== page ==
I am successfully living a life as a wife, mom, and entrepreneur while having bipolar disorder. Though my mother was bipolar, I didn’t know I was until about three and a half years ago when I went through a severe manic episode. One late night, in downtown Los Angeles, with my eyes straight forward, I slowly walked across a major intersection. I believed I was invincible, that God would protect me from the cars around me. I could have been killed or have killed those that had to swerve around me. Only looking back could I see that I was completely delusional. Thankfully, at that exact moment, the streets were empty. But, it still caused my husband to call a doctor friend of ours in complete desperation. What could he do to make sure I was safe?
The next thing I knew, I was checked into the psychiatric hospital at UCLA. I was locked up. I was left with a bag of quarters to call my family. It took them six weeks to finally find the right medication and dose to break me free of that manic episode. I had a seven-month-old and a two-and-a-half-year-old at that time. It was heartbreaking to be away from them. I cried every night. “How could I have let this happen?” I thought. Since then, I’ve had four other manic episodes that have lasted a few days to a few weeks.
I can’t really begin to describe how it feels to “go manic” other than it feels like your brain is being taken over and that you have this heightened sense of paranoia. For me, that meant that the government was watching me, studying my every move. I’m lucky in that I don’t have depressive lows. I have hit some low points, but, for the most part, I just have to be careful that I don’t go manic and end up at the hospital again. This means having good sleep habits, taking my medication, and regularly talking to my psychiatrist and psychologist.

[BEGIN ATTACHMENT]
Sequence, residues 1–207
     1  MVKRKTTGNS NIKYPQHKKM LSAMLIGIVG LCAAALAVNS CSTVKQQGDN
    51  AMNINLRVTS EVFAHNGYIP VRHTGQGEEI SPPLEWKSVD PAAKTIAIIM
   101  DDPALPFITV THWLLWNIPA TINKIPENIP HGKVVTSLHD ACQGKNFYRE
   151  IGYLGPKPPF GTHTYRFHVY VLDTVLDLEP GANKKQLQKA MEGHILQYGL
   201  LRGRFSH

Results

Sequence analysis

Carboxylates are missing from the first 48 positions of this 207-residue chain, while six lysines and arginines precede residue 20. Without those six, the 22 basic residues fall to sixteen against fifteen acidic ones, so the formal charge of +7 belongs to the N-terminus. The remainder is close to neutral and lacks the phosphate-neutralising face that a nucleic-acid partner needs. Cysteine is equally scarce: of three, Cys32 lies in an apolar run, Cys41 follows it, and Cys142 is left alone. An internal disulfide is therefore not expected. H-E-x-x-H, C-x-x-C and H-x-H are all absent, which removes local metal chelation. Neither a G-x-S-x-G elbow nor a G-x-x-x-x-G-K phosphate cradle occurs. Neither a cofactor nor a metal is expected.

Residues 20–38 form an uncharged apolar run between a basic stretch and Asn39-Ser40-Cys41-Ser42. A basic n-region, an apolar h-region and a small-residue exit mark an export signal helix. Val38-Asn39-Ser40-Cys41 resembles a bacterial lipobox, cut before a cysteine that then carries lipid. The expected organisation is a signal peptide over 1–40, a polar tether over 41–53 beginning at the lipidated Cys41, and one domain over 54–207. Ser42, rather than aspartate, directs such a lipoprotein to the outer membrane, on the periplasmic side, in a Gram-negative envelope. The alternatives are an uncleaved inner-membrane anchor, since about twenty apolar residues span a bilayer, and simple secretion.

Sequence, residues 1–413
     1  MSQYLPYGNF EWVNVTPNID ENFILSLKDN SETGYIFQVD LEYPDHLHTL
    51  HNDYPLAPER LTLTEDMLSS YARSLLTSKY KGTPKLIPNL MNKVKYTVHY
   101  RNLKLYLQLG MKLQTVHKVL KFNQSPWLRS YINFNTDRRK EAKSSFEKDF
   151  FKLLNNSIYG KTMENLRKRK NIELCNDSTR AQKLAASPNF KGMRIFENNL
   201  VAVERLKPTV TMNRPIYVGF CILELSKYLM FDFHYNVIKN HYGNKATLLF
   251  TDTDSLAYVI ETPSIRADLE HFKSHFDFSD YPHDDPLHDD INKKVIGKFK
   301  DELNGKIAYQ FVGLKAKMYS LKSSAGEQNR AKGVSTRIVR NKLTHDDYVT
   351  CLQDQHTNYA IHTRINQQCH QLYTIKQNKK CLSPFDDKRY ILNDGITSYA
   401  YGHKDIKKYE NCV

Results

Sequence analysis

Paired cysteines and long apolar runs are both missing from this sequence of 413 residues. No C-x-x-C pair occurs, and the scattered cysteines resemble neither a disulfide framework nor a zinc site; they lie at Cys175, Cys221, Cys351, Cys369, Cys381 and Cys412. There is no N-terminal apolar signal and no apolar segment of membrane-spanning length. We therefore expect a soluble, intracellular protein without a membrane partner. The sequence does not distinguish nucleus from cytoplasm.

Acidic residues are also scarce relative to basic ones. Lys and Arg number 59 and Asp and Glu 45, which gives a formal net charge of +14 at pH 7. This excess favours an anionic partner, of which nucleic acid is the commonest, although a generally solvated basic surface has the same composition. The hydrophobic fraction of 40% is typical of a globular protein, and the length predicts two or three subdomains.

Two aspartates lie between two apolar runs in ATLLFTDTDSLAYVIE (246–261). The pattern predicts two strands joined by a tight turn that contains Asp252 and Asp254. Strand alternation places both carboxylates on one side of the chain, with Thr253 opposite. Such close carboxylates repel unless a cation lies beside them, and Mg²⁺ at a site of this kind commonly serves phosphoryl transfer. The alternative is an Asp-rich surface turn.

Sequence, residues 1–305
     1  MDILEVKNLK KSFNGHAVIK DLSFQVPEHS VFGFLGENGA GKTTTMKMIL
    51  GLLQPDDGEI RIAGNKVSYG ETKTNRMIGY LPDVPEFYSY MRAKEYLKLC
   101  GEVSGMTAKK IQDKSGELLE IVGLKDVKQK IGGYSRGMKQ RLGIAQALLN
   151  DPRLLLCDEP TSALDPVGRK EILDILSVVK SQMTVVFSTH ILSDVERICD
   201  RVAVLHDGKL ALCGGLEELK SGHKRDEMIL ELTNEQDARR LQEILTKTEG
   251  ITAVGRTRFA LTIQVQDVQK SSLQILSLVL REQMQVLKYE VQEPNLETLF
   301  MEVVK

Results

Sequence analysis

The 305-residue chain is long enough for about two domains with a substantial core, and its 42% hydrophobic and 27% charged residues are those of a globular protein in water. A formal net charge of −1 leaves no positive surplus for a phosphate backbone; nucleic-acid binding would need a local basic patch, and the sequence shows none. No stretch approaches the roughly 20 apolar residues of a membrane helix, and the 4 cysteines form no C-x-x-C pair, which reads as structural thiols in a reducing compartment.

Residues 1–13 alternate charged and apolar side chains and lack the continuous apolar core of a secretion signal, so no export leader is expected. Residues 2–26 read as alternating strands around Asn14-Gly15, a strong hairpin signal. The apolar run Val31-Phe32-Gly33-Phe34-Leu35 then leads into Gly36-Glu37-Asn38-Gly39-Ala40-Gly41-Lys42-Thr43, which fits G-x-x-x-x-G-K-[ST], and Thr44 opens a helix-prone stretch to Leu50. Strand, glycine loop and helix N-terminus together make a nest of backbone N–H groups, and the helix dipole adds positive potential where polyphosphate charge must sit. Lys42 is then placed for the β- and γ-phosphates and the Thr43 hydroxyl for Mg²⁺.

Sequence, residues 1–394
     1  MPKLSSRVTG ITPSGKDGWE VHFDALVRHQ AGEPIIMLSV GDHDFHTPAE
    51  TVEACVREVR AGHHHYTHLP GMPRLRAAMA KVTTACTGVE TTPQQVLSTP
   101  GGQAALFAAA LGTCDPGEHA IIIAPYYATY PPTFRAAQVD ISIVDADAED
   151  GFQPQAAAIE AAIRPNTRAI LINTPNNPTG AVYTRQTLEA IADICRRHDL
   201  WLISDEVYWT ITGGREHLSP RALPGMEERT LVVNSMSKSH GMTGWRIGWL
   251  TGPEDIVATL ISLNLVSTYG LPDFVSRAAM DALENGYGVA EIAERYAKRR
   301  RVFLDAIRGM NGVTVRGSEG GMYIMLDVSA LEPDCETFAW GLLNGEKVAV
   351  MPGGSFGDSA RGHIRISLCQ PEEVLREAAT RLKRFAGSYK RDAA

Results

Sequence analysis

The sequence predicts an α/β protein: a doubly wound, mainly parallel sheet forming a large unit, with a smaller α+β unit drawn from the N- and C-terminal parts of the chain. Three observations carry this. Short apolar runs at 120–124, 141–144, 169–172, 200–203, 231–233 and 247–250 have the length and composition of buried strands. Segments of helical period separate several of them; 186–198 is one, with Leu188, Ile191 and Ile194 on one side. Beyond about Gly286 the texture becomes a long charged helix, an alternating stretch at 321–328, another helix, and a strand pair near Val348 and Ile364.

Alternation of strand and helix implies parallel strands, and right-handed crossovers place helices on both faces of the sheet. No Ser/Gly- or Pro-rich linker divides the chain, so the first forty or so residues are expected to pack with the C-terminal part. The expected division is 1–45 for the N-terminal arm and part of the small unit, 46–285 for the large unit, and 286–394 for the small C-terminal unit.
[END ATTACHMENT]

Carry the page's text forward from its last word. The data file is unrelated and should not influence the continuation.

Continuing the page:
Back in 2007, I started the art and culture blog My Modern Met. It reaches over three million visitors a month. After my first manic episode, in 2014, I knew that I had to leave that company because the stress of it was overwhelming. In 2017, I started my second company, Skylar Yoo, knowing that part of its proceeds would be going towards a non-profit that would help raise the awareness of mental health. I’ve committed 10% of our profits to Bring Change to Mind because I feel like its mission fits perfectly with what I think is needed most right now. We need to end the stigma of mental illness – draw back the curtain and tell our stories, however raw and vulnerable they may be. Only then, can we help those around us and, at the same time, heal ourselves.
At Skylar Yoo, we inspire and empower girls and women to be bold. We sell apparel, art prints, and accessories to the modern feminist. Our statement shirts carry empowering messages like “Yes, She Can” and “Girls to the Front.”
Another 10% of our profits are going towards the Malala Fund to help pay for girls’ education in countries that need it most. I hope that by giving to these two non-profits, I’m not just running a company, I’m making a difference.